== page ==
In Africa now, as it was in India, rent-seekers are missing out on digital trading. But there are technical limits to using mobiles for data handling. We are seeing entrepreneurs laying fiber-optic cables inland up East Africa, from Cape Town to Kenya, enabling reliable fast mass data transfers as well as onward connections to the undersea cables already laid around Africa that then go to the rest of the world. This will open up much trade, which will support a new wave of entrepreneurs and educators. This $650 million project, 75% funded by Africans, will enable more sophisticated banking systems and will support venture capitalists in properly assessing risks to create loans. Then new entrepreneurs will be able to communicate with customers and suppliers worldwide along the new fiber links and raise Africa’s well-being though greater trade.
Western leaders agonize about falling growth rates. They do not have enough cash to spend on better formative education, on upgrading old systems or on redeveloping physical infrastructure. It is a fallacy to believe we can all live in knowledge-based societies — everyone needs food, clothing and the means to live. Integrated supplies are needed worldwide. Conversely, leaders in developing nations agonize about their internal development and how to lift their citizens quickly to the levels they aspire to. All these needs could dovetail well together. But they do not. Which is why guidance is needed.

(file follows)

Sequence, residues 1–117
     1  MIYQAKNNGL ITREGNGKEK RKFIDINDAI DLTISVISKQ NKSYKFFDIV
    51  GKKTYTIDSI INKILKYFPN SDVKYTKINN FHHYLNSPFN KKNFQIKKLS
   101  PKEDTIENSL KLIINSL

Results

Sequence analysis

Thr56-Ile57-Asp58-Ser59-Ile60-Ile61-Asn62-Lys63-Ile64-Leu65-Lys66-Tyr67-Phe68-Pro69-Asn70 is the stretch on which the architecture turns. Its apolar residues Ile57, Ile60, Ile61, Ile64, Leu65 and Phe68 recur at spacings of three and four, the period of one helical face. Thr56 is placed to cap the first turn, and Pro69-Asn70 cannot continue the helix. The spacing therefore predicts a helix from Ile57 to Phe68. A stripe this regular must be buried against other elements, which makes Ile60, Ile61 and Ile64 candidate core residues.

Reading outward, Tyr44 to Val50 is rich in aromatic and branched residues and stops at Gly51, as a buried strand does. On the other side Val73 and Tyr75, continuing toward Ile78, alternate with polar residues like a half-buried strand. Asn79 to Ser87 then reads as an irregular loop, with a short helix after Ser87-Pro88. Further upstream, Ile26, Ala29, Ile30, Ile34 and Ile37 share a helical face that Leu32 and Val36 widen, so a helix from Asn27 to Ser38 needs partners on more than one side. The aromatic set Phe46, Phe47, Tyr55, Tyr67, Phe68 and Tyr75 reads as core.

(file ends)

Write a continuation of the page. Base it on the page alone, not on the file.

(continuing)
A bank for all
Until recently, nations relied on the World Bank for loans and the IMF for economic oversight. Many have criticized the structures, actions and advice of these two institutions. Now we have a third player — the BRICS Bank. This institution created by Brazil, Russia, India, China and South Africa has a simple one nation, one vote system. It also has the adequate start-up capital to begin major funding programs. And, while it is true that China has been offering loans for years to India, Africa, Brazil and other nations, the new bank suggests a new way that is based on this system of five equal shareholders. There ought to be more transparency — and surely the rest of the world cannot complain about it having an uneven playing field.
We will need time to see how this simple governance at this bank will pan out. The World Bank and IMF are quite venerable institutions that incorporate all nations, but they are governed predominantly by developed nations, and this has created tension. As Asia is becoming more dominant in global affairs, perhaps it is time to show a fairer way forward. If the BRICS Bank can hire good managers, and if it can work independently of political pressures, I believe it will be able to offer good support to all entrepreneurs. In this sense, emergent Asian values promoted by the Indian and Chinese shareholders ought to show the world how to be less greedy. And they might be able to persuade both the old-developed and the still-developing nations about a fair way forward. We must hope.
Frank-Jürgen Richter is founder and chairman of Horasis, a global visions community.